After years of working in big organizations (dare I say decades?), I dread seeing a full day of back-to-back meetings on my calendar. I know that by hour three, I will be wishing my soul could leave my body. I just don’t thrive without some time in the day to quietly reflect and work on my own projects.
Great meetings where genuine connection and knowledge sharing take place are energizing, but according to a 2019 study of 19 million meetings worldwide, those meetings are in the minority. On average, workers sit through two hours of poorly organized meetings every week, costing the U.S. $399 billion in 2019 alone. Sixty-eight percent of American workers say they lose time every week due to unnecessary or canceled meetings.
As a discussion organizer or meeting attendee, there is a lot you can do to make the engagement a success. So, here are seven survival tips and meeting best practices for those back-to-back days. Good luck and stay strong, my friends.
Ditch the old-school brainstorming
It’s easy to get into a brainstorming rut when the same team members are hacking away at the same problems hour after hour. Mix it up with different techniques for group engagement. HubSpot offers up 15 creative ways to brainstorm better, like S.C.A.M.P.E.R., Six Thinking Hats, Wishing, and Zero Draft. These methods help you approach tasks or problems with fresh thinking.
Start with the end in mind
To really tap into people’s creativity, you need a well-thought-out agenda—preferably shared with attendees ahead of time. According to Forbes, the act of mentally preparing ahead of time makes a big difference in the quality of discussions. It’s also critical to begin meetings by framing the outcomes you desire. But what if you’re not the meeting organizer? Ask to take a few moments to identify shared objectives for the group discussion.
Get moving—whenever you can
This tip comes from time management guru Laura Vanderkam. She wrote the book (literally) on how to take control of your time at work and at home.
If you’re meeting with just one or two people, opt for walking meetings. This can be as simple as walking around the building or across campus—but it’s a great way to stimulate creative thinking and refresh your brain. Walking meetings are best when it’s not necessary to review text or take a lot of notes.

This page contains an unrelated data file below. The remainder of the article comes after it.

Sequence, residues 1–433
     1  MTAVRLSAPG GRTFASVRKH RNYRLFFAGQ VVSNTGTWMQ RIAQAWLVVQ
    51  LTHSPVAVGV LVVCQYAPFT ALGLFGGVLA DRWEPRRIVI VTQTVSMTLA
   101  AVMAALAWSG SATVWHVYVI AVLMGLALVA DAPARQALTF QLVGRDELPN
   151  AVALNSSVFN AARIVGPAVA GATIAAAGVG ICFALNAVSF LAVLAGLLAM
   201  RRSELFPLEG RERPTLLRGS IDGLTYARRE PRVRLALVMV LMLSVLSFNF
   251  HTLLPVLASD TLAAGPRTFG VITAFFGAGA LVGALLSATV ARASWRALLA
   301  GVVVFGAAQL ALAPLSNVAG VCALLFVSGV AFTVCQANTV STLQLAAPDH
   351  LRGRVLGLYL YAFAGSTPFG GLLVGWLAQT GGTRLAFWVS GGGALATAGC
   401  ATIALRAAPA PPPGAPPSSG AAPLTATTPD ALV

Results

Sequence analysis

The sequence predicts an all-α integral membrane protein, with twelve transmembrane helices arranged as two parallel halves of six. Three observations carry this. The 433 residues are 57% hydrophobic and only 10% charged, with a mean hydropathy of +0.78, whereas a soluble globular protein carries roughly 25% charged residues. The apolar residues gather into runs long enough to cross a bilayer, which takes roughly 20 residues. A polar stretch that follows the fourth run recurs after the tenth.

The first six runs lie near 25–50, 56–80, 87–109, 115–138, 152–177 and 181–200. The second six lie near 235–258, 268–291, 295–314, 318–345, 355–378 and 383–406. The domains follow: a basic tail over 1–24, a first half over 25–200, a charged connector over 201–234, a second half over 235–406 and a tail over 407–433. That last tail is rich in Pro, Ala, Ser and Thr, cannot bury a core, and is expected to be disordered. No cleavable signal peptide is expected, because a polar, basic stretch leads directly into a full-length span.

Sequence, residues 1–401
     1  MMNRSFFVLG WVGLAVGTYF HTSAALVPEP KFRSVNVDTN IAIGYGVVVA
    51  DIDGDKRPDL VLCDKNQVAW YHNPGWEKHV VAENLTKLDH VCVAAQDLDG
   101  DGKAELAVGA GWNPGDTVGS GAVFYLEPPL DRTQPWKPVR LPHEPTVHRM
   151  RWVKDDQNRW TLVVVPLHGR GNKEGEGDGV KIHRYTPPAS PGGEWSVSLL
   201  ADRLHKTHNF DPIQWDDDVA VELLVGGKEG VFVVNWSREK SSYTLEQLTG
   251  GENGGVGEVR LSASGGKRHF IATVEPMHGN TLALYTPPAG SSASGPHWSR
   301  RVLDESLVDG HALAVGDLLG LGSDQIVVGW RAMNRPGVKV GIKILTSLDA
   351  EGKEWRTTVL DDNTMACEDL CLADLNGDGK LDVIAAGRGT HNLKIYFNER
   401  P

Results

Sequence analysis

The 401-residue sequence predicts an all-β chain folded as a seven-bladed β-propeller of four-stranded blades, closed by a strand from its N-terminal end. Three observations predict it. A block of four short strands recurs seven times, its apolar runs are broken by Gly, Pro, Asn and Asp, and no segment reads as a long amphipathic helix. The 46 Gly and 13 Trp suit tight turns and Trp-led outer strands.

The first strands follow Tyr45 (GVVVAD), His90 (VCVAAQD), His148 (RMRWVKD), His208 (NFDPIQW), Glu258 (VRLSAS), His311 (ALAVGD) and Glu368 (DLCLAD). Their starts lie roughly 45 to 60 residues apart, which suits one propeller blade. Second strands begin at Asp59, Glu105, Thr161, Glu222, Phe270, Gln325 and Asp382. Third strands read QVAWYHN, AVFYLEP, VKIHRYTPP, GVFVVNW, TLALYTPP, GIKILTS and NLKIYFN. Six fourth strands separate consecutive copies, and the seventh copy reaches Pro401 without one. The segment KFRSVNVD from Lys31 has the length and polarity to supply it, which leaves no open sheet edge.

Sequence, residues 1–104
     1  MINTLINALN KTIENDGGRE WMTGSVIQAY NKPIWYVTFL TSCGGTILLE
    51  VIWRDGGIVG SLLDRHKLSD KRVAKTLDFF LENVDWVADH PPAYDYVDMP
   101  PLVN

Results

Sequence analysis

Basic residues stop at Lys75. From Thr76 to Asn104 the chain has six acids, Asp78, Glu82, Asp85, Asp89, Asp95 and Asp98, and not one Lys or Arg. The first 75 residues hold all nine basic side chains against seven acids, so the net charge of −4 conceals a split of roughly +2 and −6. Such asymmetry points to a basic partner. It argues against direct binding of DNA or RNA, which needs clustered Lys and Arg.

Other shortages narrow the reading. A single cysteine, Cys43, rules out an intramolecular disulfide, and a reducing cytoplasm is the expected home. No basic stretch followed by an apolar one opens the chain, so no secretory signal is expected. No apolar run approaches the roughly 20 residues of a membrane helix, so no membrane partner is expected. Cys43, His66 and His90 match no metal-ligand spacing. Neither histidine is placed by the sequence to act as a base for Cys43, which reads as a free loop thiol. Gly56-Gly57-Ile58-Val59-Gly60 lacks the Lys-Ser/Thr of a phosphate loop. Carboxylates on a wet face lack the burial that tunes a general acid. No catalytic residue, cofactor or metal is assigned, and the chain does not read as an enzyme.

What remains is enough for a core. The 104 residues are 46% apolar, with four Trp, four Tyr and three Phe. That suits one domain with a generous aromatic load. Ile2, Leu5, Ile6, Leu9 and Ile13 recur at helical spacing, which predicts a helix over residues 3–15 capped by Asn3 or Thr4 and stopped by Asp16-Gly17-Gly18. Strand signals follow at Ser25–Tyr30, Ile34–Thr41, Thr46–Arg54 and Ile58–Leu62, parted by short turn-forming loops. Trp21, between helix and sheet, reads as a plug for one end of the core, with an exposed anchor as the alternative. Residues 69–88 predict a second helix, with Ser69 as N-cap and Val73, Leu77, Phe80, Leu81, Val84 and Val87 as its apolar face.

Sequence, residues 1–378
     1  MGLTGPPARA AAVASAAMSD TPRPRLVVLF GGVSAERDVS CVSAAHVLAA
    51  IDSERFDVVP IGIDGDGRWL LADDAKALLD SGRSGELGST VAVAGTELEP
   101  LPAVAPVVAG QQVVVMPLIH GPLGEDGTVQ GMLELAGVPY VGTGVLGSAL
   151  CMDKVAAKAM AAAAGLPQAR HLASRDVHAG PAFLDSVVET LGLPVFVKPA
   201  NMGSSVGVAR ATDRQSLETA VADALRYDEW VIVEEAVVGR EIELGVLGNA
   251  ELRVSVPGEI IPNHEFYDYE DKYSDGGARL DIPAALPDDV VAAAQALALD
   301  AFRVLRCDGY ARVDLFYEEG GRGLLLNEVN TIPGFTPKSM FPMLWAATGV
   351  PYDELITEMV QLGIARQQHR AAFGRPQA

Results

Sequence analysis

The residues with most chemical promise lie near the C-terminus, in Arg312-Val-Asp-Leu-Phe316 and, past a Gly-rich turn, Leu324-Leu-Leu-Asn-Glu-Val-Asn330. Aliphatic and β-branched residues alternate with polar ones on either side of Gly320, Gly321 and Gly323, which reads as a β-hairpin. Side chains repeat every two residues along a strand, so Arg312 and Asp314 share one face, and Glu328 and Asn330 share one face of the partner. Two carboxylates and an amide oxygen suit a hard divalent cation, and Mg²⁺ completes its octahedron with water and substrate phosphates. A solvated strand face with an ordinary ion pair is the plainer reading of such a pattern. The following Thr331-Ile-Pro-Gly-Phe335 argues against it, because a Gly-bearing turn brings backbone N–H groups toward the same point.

If you’re meeting with larger groups, don’t be afraid to stand during discussions, and encourage others to do the same. With so many people opting for standing desk workstations, you might find that standing meetings would be appreciated.
Take time in between meetings to stretch, roll your shoulders, and breathe deeply. You’ll feel more refreshed as you head back in—sigh—for the next meeting.
Step away from the doughnuts
This Psychology Today article— Why a Sugar High Leads to a Brain Low —will seriously make you rethink an attachment to sodas and doughnuts. The long-story-told-short version is that sugar triggers the release of the stress hormone cortisol—for as much as five hours. And, sugar affects your mood, short-term memory, and your waistline. If you’re organizing meetings, opt for healthy snacks and drinks. Need some ideas? Here are 28 healthy office food ideas from My Southern Health. As a meeting attendee, plan ahead and bring your own healthy options with you.
Have you ever noticed that people tend to sit in the same spot all the time? It’s a funny human tendency that reflects our need to feel comfortable. We are wired to be creatures of habit. But in a business setting, this habit can actually diminish the free exchange of ideas. Who sits where can be a social signal of power and authority and makes some people feel less “safe” to speak up. So if you’re in the same room meeting after meeting, switch seats each time. This will help you take a fresh approach to the topic of discussion and help others take a fresh look at you.
Actively practice equity
The best and most creative teams are ones where every person offers their perspective in a constructive way. One way to make this happen is a round-robin approach. Give each person the opportunity to give feedback on an idea. Set a time limit for the feedback to ensure no one takes over. Limiting response time encourages concise commentary but also keeps meetings on schedule. It’s perfectly fine for someone to pass on giving feedback, or to say their observations have already been covered by others. Once everyone has made comments, have a group discussion on what was learned.
End. on. time.
Have you ever had key people apologize and walk out of a meeting just when meaty discussions were evolving—because they had to go to the next meeting? This is a missed opportunity, and every person in the room knows it. Avoid this by ending meetings on time. What time adherence does is force meeting facilitators to hone or guide discussion so that the group meets their desired outcomes in the allotted meeting time. And, it allows the group to jointly identify next steps.